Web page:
The Sysco Food Strike and How Winsor’s Been Dealing With It

By Audrey Wang

Throughout late September and early October, hundreds of Sysco workers in New York and Boston protested against unfair labor practices and low wages in their workplaces. Sysco, a prominent wholesale food distributor, has branches across the country and is New England’s largest food supplier. On October 1, 2022, over 300 workers for Sysco Boston went on strike, just when their contracts expired. The protestors are members of the labor union, Teamsters, and they claim that Sysco’s workers deserve better wages, pensions, and healthcare. According to an article by Seafoodsource—a leading news center for information on the food industry—published on October 4, Teamsters Local 653 claimed: ​​“[Sysco’s] management offered a ‘last, best, final’ offer that would strip their essential workers of union health insurance and deny Local 653 members their pensions.” However, a Sysco spokesperson told NBC Boston that the company “offered wage increases of 25% over the life of the contract and 7% in Year 1.” The spokesperson also told Seafoodsource: “The Teamsters made no wage demands during bargaining. We also offered more healthcare options at lower costs compared to associates’ current plan. The company is not taking a pension away.” On October 17, the Plympton police arrested 13 people during a blockade by the Teamsters. In response, Sysco proposed a resolution and as of October 20, the workers on strike approved a five-year contract agreement with Sysco that entails an $11/hour raise over those five years, keeps drivers on their health insurance plan, and improves their retirement benefits. Thus, the nearly three-week-long strike came to an end.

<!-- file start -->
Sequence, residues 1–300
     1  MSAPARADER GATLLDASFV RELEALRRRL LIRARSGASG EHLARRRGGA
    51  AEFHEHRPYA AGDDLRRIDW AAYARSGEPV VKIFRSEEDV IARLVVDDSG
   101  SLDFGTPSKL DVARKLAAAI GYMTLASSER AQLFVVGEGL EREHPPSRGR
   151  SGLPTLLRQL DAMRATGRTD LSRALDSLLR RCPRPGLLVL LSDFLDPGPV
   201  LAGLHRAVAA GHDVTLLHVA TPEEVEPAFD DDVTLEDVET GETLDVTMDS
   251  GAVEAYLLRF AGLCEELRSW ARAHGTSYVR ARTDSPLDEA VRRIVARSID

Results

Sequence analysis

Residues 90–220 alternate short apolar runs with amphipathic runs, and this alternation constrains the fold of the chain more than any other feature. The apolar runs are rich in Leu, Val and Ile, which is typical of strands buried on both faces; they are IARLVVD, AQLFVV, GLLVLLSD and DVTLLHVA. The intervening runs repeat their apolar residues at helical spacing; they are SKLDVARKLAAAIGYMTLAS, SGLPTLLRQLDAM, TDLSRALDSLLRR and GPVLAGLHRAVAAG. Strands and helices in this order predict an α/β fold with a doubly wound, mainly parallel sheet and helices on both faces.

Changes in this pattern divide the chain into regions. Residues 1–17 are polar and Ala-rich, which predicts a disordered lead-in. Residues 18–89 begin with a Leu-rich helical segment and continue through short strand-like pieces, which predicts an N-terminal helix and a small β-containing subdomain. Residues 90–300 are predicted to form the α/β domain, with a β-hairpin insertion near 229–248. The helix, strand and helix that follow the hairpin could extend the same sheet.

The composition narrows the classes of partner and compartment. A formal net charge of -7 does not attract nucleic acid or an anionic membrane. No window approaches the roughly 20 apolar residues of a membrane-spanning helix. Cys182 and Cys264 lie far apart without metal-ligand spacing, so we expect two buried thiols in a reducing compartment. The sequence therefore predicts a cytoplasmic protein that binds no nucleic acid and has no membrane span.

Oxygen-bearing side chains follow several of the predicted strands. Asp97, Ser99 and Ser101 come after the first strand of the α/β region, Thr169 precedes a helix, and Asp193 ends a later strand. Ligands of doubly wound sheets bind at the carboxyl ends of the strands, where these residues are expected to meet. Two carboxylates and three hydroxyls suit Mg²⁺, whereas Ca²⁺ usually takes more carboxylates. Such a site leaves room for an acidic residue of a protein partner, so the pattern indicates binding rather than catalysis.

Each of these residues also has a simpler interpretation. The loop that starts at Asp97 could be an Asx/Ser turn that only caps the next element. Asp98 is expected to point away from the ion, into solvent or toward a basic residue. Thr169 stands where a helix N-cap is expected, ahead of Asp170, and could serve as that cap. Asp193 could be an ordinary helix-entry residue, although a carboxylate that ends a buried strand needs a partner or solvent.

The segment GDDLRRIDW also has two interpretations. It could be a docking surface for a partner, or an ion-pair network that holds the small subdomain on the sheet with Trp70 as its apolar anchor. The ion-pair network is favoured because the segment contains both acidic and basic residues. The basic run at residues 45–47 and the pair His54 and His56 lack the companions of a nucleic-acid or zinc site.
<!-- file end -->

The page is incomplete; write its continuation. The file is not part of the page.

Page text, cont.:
Though the strike is technically over, Winsor’s kitchen staff has been working to resolve a moral dilemma. Here’s what Chef Heather says: “Our FLIK [the dining company Winsor employs] corporate offices have kept busy trying to help us source items however possible; this includes encouraging us to keep a heavy inventory and ordering a week or two in advance at all times… The first few weeks we would order through our other [small] vendors… When that wasn’t enough I was running to BJ’s, Costco, and Restaurant Depot.” While the kitchen staff tried their best to provide meals with limited resources, Chef Heather admits, “Towards the end I had to cross the picket line twice because it is just not feasible to feed 600 [people] snack, lunch, and special events this way. Like Spirit Week or Under the Lights, there is no way I could have sourced all that food for 1500(ish) people without ordering through a major vendor like Sysco; it just could not have been done… When it’s your job to feed people sometimes you don’t have an option, and you have to make the hard decision that doesn’t always align with your personal values.” 

We are so grateful to Chef Heather and the kitchen staff for providing our students with nutritious meals while also trying their best to consider ethics and morality. 

Sources: ​​